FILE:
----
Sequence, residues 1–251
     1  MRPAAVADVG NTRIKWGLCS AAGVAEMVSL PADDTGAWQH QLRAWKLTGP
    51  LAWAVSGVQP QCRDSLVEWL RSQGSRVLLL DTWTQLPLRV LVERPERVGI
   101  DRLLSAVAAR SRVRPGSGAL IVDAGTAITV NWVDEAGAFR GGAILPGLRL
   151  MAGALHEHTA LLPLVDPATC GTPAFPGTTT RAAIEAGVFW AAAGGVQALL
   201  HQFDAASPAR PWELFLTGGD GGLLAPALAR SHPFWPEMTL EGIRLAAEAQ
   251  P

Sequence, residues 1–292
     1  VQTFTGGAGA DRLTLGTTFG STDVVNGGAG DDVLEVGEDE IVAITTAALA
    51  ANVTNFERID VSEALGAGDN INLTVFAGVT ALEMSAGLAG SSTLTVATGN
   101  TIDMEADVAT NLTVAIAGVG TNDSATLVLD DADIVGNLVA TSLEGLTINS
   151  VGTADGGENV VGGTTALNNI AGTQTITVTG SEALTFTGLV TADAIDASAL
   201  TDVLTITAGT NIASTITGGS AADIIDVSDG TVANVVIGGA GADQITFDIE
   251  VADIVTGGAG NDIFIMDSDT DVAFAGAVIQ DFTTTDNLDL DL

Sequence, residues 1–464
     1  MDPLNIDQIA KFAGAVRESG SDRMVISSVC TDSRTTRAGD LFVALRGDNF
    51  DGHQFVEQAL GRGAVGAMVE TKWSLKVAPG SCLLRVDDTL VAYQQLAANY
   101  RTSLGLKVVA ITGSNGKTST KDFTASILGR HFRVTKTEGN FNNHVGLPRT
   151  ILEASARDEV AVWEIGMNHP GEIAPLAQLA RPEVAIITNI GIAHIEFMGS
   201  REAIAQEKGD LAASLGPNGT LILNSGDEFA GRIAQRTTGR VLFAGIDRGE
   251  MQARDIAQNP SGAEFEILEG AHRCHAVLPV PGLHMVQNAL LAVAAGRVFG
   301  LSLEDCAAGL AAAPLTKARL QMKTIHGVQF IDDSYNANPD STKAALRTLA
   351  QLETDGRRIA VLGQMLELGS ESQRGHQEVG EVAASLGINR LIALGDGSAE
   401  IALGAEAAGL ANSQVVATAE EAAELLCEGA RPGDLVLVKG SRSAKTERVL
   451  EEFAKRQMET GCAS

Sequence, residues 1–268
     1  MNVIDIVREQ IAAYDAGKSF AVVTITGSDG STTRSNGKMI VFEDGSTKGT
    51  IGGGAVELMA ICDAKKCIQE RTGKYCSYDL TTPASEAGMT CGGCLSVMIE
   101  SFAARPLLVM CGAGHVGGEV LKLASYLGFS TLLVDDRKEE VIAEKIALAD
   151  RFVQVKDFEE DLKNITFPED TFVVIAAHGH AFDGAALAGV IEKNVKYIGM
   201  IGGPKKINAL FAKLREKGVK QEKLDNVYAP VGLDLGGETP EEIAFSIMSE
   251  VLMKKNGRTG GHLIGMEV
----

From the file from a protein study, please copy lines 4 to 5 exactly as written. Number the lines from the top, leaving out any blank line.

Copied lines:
   101  DRLLSAVAAR SRVRPGSGAL IVDAGTAITV NWVDEAGAFR GGAILPGLRL
   151  MAGALHEHTA LLPLVDPATC GTPAFPGTTT RAAIEAGVFW AAAGGVQALL